The Empire Never Ended, is influenced by author Philip K Dick’s VALIS, with artists Prince Rama, Marc Bijl, Serge Onnen and Benny Sanders. This exhibit was made possible by a grant from The Andy Warhol Foundation for the Visual Arts (Wynn Kramarsky Freedom of Artistic Expression Grant).
Prince Rama’s portion of The Empire Never Ended, is centered around character Horselover Fat envisions the suspension of history in the 1st century A.D. with the landscape of southern California 1974 being superimposed as a holographic projection over Ancient Rome, hence “the Empire never ended”. For Prince Rama’s installation, they will flip the script and envision the suspension of history in modern-day southern California with Ancient Rome employed as a simulated projection of wealth, ersatz-spirituality, and aesthetic decadence. “In our version, says Taraka Larson, “the Empire never ended” is more of a comment on the past’s devolution into kitsch and subsequent haunting of the present in the form of Ghost-Modernism and Zombie Aesthetics.
Museum members are advised to bring a swimsuit if they so desire, they have the option of changing out of their everyday clothes into provided, borrowed robes so that they may be able to fully partake in the various interactive parts of the exhibit, namely the use of a Royal Spa hot tub.
Dutch artist Serge Onnen‘s piece created a large scale illustration and kaleidoscope. “When I started thinking about the book,” says Onnen. “All these different ideas and cultural phenomena’s existing next to each other, from psychedelic to gnostics. When working on the drawing I realized the book read very well in an I ching kind of way. Opening a page and looking for inspiration to fit inside my spaces.”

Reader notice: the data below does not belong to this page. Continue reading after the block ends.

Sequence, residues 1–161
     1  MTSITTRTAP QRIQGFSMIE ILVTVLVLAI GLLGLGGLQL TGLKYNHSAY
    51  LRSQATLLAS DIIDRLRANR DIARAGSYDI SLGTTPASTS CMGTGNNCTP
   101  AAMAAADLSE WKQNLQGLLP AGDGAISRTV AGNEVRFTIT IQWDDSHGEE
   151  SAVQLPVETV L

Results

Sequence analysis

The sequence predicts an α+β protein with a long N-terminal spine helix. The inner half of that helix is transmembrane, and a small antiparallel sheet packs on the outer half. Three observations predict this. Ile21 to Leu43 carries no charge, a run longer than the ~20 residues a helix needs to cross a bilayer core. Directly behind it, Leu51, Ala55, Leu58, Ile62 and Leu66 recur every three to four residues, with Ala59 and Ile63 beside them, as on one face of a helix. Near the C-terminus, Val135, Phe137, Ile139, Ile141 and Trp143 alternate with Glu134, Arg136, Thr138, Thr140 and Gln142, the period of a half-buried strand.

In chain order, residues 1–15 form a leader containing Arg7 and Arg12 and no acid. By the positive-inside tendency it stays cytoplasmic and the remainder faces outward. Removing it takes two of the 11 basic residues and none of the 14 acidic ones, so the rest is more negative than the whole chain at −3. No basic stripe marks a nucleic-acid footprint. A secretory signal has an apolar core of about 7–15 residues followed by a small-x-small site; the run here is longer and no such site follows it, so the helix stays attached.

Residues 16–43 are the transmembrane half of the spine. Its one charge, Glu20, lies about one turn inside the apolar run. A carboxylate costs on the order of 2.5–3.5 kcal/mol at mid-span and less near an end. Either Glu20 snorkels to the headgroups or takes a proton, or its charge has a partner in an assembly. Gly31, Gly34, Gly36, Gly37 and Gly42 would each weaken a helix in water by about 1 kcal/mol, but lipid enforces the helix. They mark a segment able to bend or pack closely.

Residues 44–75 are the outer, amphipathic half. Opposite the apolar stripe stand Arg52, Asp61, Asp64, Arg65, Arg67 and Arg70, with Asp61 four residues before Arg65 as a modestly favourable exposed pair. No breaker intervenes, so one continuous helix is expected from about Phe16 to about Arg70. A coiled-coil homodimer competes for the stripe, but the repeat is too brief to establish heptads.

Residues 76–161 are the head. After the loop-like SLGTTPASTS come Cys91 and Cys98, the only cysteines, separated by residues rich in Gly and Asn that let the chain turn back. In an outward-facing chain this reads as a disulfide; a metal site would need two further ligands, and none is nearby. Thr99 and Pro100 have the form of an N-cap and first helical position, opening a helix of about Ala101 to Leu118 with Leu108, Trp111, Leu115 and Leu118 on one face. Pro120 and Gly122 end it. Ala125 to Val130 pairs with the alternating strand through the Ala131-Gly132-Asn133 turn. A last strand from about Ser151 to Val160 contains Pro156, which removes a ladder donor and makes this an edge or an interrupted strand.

Dutch artist Marc Bijl‘s sculpture, PORN is the yang, the twin Dick references in VALIS, of the IMA’s Robert Indiana’s LOVE sculpture. He considers it a label for the spirit of the time, for the perversity of the current political and social processes, for the insistent, penetrating nature of fanatic messages.
Dick was well aware of the nuttiness of 2-3-74, and when he turned to the problem of narrating the event in VALIS, he split himself into two characters: the narrator, a sober science-fiction writer named Phil Dick, and a mad visionary named Horselover Fat. The book itself is a hybrid, a melange of autobiography and fantasy that’s laced with an encyclopedic range of philosophical and religious information: citations from the I Ching, Henry Vaughan, Heraclitus, Wagner, Xenophanes, the Bible, Pascal, and, of course, the science-fiction writer Philip K. Dick.
In Dick’s book, VALIS, the narrator says, “I’ve always told people that for each person there is a sentence—a series of words—which has the power to destroy him….I realized (this came years after the first realization) that another sentence exists, another series of words, which will heal the person.” The Empire Never Ended addresses the desire to be a creator and a destroyer.
Special thank you to Erik Davis of Techgnosis.com for much of the Philip K Dick information contained here. You can visit his website by clicking here.
The exhibits will run with iMOCA’s new hours of Tuesday-Wednesday 4-8 p.m. and Thursday-Saturday 1-8 p.m.
All our programs and exhibitions are made possible with support from The Allen Whitehill Clowes Charitable Foundation, The Andy Warhol Foundation for the Visual Arts (Wynn Kramarsky Freedom of Artistic Expression Grant), The Christel DeHaan Family Foundation, The Efroymson Family Fund, The Glick Fund, Halstead Architects, KEJ Foundation, The Tracy Haddad Foundation, The Netherleigh Fund, the Arts Council of Indianapolis, the Murphy Arts L.L.C., Penrod Foundation, and Big Car Art + Design